Canadian Manufacturing

Federal Liberals to deliver 2020 budget on March 30, Morneau says [UPDATED]

The Canadian Press

Canadian Manufacturing
Financing Public Sector

This year's budget will be the first of the government's minority mandate

OTTAWA — The federal Liberals will deliver the first budget of their minority mandate at the end of the month.

Finance Minister Bill Morneau told the House of Commons March 11 that the federal Liberals will deliver the 2020 budget on March 30.

Morneau has said the budget will have a climate lens, but the outbreak of the novel coronavirus has changed some spending plans.

The finance minister said last week the budget will likely include an increased contingency cushion should the economic hit from COVID-19 be prolonged and deep.


The cushion amounts to projected revenues the government sets aside annually as a shock absorber if the money doesn’t materialize due to an economic downturn, and also counts against the deficit.

The deficit is projected to be $28.1 billion before any new spending the Liberals will add to meet platform commitments, such as the first steps towards a national pharmacare program.

Speaking in the House of Commons, Morneau touted the federal government’s fiscal position as a way to deal with economic challenges facing the country from the novel coronavirus outbreak and a drop in oil prices.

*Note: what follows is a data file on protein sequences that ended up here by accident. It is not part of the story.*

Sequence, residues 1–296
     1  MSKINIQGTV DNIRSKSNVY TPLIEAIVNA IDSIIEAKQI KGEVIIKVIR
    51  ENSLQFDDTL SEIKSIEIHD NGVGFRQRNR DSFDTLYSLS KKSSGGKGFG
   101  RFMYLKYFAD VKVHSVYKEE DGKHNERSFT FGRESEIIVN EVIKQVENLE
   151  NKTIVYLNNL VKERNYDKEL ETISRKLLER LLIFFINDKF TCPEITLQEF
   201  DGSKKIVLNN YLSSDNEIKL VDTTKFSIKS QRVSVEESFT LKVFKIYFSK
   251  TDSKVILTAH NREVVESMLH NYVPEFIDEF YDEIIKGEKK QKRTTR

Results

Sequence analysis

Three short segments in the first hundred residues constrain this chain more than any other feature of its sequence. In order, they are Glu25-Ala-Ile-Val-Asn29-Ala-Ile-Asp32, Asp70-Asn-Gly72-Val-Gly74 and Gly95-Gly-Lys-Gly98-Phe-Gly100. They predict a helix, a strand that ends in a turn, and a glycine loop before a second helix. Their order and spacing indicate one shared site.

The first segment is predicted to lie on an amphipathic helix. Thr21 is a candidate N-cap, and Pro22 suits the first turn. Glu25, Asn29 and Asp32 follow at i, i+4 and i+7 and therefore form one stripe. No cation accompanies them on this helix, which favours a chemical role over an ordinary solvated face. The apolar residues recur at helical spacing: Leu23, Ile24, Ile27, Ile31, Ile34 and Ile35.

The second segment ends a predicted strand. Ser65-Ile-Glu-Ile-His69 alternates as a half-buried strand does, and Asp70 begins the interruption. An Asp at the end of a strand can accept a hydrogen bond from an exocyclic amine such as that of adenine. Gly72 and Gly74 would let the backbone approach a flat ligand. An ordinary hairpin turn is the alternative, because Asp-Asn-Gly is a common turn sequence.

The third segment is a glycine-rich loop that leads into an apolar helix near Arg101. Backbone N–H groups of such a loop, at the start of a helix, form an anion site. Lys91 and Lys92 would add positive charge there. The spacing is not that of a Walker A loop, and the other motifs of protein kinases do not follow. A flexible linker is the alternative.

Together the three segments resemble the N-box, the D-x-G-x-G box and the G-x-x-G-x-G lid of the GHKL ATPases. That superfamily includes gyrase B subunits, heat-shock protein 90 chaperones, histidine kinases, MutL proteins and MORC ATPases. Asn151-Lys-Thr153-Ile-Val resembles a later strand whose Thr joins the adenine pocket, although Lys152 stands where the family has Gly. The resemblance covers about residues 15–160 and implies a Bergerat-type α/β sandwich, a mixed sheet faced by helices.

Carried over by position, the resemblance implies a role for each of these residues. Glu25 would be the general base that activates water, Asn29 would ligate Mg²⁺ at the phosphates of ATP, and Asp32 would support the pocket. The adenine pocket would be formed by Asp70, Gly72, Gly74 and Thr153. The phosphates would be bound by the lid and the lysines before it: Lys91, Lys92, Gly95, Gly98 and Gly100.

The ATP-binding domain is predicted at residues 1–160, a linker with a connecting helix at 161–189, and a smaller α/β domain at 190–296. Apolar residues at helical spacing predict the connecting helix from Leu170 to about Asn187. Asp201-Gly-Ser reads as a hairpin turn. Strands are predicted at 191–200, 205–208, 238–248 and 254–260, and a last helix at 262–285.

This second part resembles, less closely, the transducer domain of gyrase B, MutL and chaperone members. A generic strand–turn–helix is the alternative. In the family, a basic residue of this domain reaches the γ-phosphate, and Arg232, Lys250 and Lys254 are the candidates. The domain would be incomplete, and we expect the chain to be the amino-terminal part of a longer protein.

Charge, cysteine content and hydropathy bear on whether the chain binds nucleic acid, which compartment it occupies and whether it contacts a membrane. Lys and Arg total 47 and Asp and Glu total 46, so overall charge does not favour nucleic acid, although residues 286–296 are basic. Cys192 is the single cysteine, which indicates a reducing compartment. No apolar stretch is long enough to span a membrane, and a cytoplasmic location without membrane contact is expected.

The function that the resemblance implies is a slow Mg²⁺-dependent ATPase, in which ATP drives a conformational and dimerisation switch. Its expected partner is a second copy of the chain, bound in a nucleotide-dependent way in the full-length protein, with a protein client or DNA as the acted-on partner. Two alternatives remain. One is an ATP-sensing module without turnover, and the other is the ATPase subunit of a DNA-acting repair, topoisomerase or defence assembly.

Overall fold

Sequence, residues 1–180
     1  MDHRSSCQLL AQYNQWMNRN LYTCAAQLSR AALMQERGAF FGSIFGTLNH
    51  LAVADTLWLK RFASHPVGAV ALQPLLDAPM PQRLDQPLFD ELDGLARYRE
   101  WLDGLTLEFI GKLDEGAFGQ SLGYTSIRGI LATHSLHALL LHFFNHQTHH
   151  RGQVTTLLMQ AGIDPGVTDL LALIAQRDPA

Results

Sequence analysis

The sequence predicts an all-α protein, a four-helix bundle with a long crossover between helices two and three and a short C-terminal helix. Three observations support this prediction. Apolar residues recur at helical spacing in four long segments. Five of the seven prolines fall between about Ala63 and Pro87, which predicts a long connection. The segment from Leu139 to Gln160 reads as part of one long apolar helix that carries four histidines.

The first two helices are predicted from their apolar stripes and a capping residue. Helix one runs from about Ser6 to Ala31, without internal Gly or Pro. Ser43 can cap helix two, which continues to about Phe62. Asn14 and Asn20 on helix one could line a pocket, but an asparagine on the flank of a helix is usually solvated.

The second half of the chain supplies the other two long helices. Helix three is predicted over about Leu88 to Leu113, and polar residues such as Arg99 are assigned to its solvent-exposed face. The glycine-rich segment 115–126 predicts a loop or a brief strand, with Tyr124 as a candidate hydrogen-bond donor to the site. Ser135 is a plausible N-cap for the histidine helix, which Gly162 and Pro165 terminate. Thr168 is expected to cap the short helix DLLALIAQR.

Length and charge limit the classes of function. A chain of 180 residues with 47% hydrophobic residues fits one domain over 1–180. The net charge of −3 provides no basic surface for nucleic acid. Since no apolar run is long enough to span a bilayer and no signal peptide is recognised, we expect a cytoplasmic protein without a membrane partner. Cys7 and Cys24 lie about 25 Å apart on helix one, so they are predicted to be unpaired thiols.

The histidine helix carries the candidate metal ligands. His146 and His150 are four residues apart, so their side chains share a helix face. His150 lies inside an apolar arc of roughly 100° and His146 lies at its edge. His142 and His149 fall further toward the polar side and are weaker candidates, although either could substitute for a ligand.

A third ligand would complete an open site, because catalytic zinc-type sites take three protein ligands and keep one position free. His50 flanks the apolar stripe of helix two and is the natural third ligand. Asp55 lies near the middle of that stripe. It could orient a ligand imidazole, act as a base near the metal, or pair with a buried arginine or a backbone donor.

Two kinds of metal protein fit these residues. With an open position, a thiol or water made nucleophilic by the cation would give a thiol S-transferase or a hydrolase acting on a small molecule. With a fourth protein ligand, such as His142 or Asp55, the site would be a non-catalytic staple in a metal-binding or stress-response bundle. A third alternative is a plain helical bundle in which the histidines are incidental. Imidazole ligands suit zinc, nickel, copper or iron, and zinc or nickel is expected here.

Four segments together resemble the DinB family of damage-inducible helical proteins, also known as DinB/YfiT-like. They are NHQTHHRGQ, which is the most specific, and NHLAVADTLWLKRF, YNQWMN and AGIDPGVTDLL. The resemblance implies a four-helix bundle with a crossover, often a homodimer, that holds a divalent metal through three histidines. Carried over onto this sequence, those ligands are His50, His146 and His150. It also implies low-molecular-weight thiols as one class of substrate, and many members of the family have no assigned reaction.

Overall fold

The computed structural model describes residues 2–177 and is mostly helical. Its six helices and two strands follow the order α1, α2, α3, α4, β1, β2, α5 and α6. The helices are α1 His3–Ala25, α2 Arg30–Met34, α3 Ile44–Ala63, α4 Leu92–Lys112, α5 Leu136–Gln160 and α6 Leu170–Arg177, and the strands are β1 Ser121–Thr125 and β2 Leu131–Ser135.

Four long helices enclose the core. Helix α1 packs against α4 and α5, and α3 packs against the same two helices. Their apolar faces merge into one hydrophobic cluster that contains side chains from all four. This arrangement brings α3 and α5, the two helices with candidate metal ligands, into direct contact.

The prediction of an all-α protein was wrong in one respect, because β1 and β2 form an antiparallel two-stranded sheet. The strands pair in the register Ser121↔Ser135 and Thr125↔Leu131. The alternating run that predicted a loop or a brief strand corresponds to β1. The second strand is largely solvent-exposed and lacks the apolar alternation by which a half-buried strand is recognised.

“We’re trying to ascertain the depth and the length, the duration of this challenge,” Morneau told reporters afterwards.

“Obviously as facts emerge they are going to enable us to decide how we should best respond. The budget will be an important time for responding.”

The spending blueprint will also be a political test for the Liberals who need the support of enough opposition MPs to get the budget approved. Otherwise, the government would fall on the confidence vote.

Multiple bank forecasts now have GDP growth below 1% for the entire year. Morneau said the budget will update economic forecasts to show what the situation is today, and how that forms the basis on the government’s planning.

An oil price war between Saudi Arabia and Russia that has lowered the cost of crude below budget projections is further compounding problems for the economy. The combination of low oil prices and slower growth could shave billions from federal revenues.


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